After the Antares rocket boosted Cygnus into a low Earth orbit, the Orbital Sciences team performed three burns of the spacecraft’s engines to raise its orbit and begin the approach to the ISS. The third “delta V” burn occurred yesterday afternoon and lasted 189 seconds, for a 20.7 meter per second change in velocity. The fourth and final scheduled delta V burn is scheduled for this afternoon.
With the orbital burns complete, Cygnus will catch up with and make its approach to the station Saturday and into early Sunday. A little after 5:00 a.m. EDT Sunday, the spacecraft will reach a point 250 meters below the station. Orbital Sciences will perform the final eight demonstration maneuvers, including an aborted approach, before taking the final few steps to the station. The spacecraft will stop 10 meters from the station, where it will be placed in “free drift” mode, meaning the onboard navigation is no longer controlling its location.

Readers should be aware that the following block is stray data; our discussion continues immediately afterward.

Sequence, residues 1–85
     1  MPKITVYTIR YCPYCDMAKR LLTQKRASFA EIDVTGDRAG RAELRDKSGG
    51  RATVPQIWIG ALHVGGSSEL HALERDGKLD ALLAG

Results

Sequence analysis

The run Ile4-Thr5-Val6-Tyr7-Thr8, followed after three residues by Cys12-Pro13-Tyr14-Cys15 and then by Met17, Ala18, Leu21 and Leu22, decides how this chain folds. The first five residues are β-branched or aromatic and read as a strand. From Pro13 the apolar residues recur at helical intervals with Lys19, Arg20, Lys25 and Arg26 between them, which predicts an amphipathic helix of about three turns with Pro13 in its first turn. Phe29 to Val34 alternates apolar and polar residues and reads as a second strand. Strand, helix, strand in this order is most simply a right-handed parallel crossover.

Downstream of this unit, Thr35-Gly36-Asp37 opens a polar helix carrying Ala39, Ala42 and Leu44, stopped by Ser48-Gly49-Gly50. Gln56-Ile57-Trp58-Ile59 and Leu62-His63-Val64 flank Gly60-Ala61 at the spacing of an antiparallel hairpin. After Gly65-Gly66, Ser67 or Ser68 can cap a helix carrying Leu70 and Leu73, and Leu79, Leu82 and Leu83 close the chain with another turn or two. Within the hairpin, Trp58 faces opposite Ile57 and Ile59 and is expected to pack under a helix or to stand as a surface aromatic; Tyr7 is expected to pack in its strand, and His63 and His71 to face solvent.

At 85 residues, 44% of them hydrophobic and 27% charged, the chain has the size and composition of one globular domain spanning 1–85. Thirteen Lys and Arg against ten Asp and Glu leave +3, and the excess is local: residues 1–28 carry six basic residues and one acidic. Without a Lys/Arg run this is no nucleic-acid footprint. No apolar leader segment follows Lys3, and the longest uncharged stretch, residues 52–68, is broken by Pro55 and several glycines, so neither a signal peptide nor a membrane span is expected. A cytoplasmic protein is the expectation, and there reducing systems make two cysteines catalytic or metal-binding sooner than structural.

The Cygnus spacecraft is an unmanned resupply spacecraft being developed by Orbital Sciences Corporation as part of NASA's Commercial Orbital Transportation Services (COTS) developmental program. It is competing with the Spacex Dragon.
NASA awarded Orbital Sciences a $1.9 billion contract under the Commercial Resupply Services (CRS) program. Under this contract, Orbital Sciences will deliver up to 20 tons of cargo to the ISS through 2016 in eight Cygnus spacecraft flight.
The Cygnus spacecraft consists of two basic components: the Pressurized Cargo Module (PCM) and the Service Module (SM). The PCM is manufactured by Thales Alenia Space in Turin (Italy), the initial PCMs have a volume of 18 m3. The service module is built by Orbital and is based on their STAR spacecraft bus as well as components from the development of the Dawn spacecraft. It is currently expected to have a gross mass of 1,800 kg with propulsion provided by thrusters using the hypergolic propellants hydrazine and nitrogen tetroxide and is capable of producing up to 4 kW of electrical power via two gallium arsenide solar arrays.
SOURCES - Wired, Wikipedia, Space.com
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